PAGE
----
Higher-pitched metallic instruments, rather like the finger-cymbals still common in Asian musical cultures, kumbala (see Cymbala) were mentioned by Athenaeus (Sophists at Dinner, xiv.39) as an example of instruments that simply produce a noise; he observed that they were popular with women for the accompaniment of dancing, adding that some people use shells or pieces of pottery to create a rhythm for the dancers.

(d) Seistron.

Commonly associated with the Egyptian cult of Isis, the seistron (see Sistrum) was likened to the krotala by Pollux, who observed that it was used by wet-nurses to amuse sleepless infants so they would fall asleep. Aristotle used the term platagē in Politics (viii.6, 1340b25–31) to refer to the ‘rattle’ of Archytas, which he commended as a useful toy for parents to give their children to amuse themselves and to distract them from breaking things in the house. As the verb platagein refers to clapping the hands, Archytas's rattle was probably rather like the modern mounted castanets. The seistron, however, would have had a higher and more metallic tone, rather different from the krotala or Archytas's rattle.

(e) Rhombos.

As a term in the context of sound, rhombos simply refers to a whirling or rumbling. The term can be applied to the Bullroarer, a piece of wood whirled around on a string, or as a synonym for the rhoptron, a drum with bronze snares stretched across the head to provide a nasal buzzing sound. The bullroarer might have been called a rhombos not only because of its whirling motion but also because the piece of wood may normally have been cut into a rhombus shape to cause it to vibrate more vigorously and produce more sound as it whirled through the air. Its mysterious rising and falling pitch, associated particularly with the ceremonies of the priests of Cybele, was caused by the speed at which the rhombos was spun.

(f) Rhoptron.

Associated with the Corybantes, it was described by Plutarch in his life of Crassus as an instrument used by the Parthians to frighten their opponents in battle. He observed that rhoptra make a dead, hollow noise, like the bellowing of beasts mixed with the sound of thunder. Plutarch's definition accords with the definition provided by the Suda for tumpana, which are described as constructed from hollowed-out pine or fir, fitted with bronze bells (kōdōnes), the mouth (stoma) of the tumpanon covered with oxhide (see Tympanum). In both definitions the drum is described as an object with only one opening, not as a short hollow frame with two openings, and the bronze objects are not attached to the outside of the drum. In Plutarch's definition they are stretched over the hollow, and in the definition of the Suda they are fitted into the drum before it is covered with oxhide. Although modern scholarship commonly refers to the rhoptron as a tambourine, the instrument is much more akin to a snare drum. While a chorus of tambourines could hardly produce the sort of sound described by Plutarch and the Suda, the sound of an ensemble of large snare drums could be overwhelming and terrifying in battle.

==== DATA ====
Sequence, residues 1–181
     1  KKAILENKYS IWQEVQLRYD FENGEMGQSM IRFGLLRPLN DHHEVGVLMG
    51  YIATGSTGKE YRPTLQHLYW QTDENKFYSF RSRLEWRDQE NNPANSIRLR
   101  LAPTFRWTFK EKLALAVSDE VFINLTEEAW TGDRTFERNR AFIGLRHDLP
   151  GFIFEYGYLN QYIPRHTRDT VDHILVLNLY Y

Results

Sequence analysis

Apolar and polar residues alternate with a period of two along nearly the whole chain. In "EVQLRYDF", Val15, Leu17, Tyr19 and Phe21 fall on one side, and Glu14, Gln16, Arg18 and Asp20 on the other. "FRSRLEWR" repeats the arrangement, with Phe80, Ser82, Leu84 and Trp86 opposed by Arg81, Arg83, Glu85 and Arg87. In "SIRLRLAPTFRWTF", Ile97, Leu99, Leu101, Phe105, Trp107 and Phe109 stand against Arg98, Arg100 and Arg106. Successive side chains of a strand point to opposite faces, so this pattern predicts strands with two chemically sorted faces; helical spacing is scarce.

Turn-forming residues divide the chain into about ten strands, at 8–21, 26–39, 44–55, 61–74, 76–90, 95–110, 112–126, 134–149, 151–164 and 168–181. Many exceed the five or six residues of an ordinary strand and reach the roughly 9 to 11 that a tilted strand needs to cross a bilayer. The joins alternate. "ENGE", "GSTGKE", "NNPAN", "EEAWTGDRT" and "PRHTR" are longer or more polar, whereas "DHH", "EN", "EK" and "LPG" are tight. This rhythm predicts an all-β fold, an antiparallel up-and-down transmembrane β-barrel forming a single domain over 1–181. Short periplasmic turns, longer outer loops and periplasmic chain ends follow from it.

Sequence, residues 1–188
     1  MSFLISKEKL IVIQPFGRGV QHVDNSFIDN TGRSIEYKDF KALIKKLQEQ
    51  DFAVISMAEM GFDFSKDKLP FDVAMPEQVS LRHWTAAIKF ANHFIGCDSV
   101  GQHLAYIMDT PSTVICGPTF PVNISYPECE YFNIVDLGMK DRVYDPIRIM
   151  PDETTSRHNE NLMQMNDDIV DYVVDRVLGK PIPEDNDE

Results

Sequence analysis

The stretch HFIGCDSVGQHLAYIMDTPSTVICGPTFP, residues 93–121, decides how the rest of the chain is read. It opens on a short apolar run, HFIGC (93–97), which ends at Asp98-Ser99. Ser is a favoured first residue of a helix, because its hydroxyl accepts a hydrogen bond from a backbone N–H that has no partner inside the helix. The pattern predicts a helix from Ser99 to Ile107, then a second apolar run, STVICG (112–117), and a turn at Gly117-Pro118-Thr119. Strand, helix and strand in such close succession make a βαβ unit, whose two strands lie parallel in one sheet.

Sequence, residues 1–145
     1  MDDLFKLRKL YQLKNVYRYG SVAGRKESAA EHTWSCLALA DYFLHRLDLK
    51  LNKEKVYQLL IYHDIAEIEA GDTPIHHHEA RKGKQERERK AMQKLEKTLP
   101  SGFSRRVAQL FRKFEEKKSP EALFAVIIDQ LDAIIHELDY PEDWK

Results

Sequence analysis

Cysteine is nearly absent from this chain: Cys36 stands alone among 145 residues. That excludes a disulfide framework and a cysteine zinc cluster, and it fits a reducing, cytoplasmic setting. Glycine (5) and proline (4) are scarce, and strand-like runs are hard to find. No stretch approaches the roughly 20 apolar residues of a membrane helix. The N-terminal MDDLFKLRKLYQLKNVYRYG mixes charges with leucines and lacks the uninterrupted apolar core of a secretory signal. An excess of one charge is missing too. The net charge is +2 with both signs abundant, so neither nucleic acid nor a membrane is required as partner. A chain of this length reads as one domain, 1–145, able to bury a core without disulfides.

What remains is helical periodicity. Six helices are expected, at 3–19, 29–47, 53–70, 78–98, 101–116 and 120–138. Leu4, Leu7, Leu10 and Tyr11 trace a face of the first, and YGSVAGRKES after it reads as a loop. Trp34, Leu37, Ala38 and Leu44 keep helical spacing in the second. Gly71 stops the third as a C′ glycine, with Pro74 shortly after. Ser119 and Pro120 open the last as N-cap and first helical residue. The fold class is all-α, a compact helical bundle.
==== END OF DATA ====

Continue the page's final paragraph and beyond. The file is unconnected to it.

In addition to the rhoptra the Greeks used ordinary frame drums. Vase painters sometimes show these held by one hand inside the frame, indicating that only one end of the frame was covered with skin. The drums, however, are also shown held by a handle, and in these cases both ends may have been covered with skin. Rhoptra and frame drums alike seem to have been played with the fingers rather than with sticks of any sort. Although drums are sometimes shown in association with auloi and other percussion instruments, they were frequently used as solo instruments to accompany dance in the celebrations of Dionysus and Cybele or as instruments of the battlefield, together with the salpinx and horn.

(ii) Aerophones.